At the Verso blog, McKenzie Wark examines the recent work of anti-colonial anthropologist Elizabeth Povinelli, specifically her writing on “geontopower.” As Wark writes, this concept both complements and surpasses the notion of biopolitics. Here’s an excerpt:
Biopolitics is habitually conceived as a regime that displaced the sovereign right of kings to take life. It is instead the power to make life. It is about the regulation of fertility, the norms of sexuality, the shaping of individuals and the managing of populations. The object of biopolitics is the social body. Its concern is the boundary between community and immunity. It practices forms of hygiene, both literal and metaphorical. In Foucault it may be something of a provincial concept. Achille Mbembe obliges us to think the relation between European biopolitics and colonial regimes of necropolitics.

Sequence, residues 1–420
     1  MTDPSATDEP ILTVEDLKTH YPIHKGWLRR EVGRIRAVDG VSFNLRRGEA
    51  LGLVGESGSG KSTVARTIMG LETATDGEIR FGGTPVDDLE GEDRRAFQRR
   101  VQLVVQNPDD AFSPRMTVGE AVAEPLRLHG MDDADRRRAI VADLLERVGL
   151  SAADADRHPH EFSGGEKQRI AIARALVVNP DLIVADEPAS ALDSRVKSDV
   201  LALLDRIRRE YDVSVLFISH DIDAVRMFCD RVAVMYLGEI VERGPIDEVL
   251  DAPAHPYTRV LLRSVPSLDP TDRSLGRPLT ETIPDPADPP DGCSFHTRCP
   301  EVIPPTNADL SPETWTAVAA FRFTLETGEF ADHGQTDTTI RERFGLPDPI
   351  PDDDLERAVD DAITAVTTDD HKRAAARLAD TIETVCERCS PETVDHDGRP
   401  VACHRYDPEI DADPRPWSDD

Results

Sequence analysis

Povinelli brings a different critical energy to bear on it. “Have we become so entranced by the image of power working through life that we haven’t noticed the new problems, figures, strategies and concepts emerging all around us…?” (4) She displaces the now habitual concerns with new figures, what she calls the desert , the animist and the virus . Figures on the border between life and nonlife rather than figures interior to life and its governance. Povinelli: “biopower (the governance through life and death) has long depended on a subtending geontopower (the difference between the lively and inert).” (5)
Image: Elizabeth Povinelli (via)